Bowel movements: Could breastfed newborn be constipated?

My sister just brought her three week old home from the hospital two days ago. He was born seven weeks early but he seems to be doing well. He is getting breastmilk from a bottle. We are concerned becaue he has gone 24 hours without having a bowel movement. Should we be concerned?

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Debbi Donovan

Debbi Donovan is a Board Certified Lactation Consultant, as well as a retired La Leche League Leader. For more than a decade, Debbi... Read more

When a newborn breastfeeding baby is not stooling I look at this as a red flag. This baby should be closely watched and taken in to her health care provider's office for a weight check.

The concern with absence of bowel movements in the premature or the full-term newborn is inadequate caloric intake. He may simply not be taking in enough milk. (It is not usually until the age of five or six weeks of age, that a breastfed baby's stooling pattern transitions from several times or more each day, to larger, though possibly more infrequent bowel movements.)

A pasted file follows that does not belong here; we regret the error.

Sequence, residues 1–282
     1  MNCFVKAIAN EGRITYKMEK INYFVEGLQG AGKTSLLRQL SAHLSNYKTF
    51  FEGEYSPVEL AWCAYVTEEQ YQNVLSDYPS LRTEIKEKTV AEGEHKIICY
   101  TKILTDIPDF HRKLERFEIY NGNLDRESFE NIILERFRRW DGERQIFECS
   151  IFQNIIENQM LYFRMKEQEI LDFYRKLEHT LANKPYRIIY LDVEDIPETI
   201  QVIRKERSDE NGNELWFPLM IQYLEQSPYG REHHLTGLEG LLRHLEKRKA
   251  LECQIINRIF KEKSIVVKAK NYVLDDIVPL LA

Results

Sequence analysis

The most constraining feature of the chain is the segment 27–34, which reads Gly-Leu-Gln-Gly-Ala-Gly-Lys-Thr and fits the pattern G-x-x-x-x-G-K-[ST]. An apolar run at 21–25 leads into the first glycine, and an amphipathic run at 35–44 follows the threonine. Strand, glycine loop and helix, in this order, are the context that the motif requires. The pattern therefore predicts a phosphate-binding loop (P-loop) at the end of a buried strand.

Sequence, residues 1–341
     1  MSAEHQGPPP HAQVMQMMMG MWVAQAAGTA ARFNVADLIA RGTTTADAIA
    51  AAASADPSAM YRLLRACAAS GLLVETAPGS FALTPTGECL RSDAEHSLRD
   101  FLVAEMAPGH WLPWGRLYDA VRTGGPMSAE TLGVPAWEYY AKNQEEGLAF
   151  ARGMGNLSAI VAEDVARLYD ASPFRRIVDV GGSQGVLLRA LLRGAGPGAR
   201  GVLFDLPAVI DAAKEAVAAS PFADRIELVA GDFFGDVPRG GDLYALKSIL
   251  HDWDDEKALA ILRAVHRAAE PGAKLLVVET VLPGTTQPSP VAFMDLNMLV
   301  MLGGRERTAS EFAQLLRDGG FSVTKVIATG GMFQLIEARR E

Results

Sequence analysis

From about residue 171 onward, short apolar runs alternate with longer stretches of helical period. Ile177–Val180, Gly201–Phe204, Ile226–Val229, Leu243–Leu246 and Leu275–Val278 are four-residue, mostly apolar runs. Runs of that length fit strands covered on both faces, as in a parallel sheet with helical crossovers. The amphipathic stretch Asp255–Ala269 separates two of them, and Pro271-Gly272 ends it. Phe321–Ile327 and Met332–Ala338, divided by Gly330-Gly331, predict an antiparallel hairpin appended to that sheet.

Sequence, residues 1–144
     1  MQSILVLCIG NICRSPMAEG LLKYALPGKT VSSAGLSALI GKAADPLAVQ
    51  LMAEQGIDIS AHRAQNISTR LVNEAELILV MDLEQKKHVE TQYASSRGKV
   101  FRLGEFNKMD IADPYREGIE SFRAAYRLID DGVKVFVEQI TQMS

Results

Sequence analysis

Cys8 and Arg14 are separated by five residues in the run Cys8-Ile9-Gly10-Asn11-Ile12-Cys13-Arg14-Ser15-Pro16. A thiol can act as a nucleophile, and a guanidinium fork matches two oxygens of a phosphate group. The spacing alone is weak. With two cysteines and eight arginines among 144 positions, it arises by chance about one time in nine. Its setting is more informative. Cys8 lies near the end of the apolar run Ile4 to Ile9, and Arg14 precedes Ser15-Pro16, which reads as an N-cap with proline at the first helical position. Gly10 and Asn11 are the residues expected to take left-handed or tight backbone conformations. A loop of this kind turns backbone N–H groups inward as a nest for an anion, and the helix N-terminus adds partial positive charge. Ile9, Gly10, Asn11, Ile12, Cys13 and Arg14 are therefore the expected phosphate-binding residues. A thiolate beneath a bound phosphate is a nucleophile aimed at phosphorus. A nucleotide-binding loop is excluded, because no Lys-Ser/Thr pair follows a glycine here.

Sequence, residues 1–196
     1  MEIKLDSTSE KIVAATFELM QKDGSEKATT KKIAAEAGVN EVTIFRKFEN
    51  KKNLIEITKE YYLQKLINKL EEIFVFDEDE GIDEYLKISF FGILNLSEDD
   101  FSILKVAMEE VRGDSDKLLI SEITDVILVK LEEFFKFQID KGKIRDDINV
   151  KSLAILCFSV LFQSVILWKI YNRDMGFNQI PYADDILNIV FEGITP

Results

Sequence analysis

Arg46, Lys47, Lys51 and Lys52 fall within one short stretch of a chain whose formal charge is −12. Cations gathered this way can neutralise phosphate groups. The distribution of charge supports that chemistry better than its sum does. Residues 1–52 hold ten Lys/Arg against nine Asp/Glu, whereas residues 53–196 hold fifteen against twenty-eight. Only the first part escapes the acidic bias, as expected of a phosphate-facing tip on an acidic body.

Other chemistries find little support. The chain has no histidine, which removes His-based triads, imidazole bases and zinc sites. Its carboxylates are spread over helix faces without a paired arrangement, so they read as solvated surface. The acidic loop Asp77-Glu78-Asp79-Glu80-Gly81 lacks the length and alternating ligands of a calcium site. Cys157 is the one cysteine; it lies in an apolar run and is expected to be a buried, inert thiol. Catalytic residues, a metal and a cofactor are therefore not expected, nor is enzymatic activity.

Since your sister's baby is being fed his mother's milk by bottle, it is easy to figure out the baby's intake. What may be of concern is the pattern of feeding. While some premature babies are in the hospital they have been fed on a four hour schedule. The reasoning behind this spacing of feeds with preemies is that they need a longer period of sleep to feed well. Now that your sister and her baby have been released from the hospital, I would recommend going from scheduling of the feeds to feeding the baby on cue.

Her baby may still be very sleepy. Watch for his signs of readiness to feed, such as rapid eye movement as he sleeps, sucking on his fists or fingers, body movements during sleep, and soft sounds. I wouldn't advise waiting to feed a baby, especially a preemie, until they're crying from hunger. Breastmilk is digested in less than two hours, and regular and frequent feeds are important to all newborns.

Constipation is not normally a problem in the healthy breastfed baby. I would advise, increasing the number of feeds to approximately 12 per day, allowing the baby at least one four to five hour period of sleep each day.

If the baby is not feeding at the breast, I would still advise lots of skin-to-skin contact during feeds. She will want to keep her baby close so she can watch for his feeding signals. Your sister also might like to begin transitioning her baby to the breast, and this close contact will help make this easier. As the baby relaxes during a feed, she can offer her breast. A possible concern with never putting the baby to the breast is a reduction of the milk supply over a period of time.

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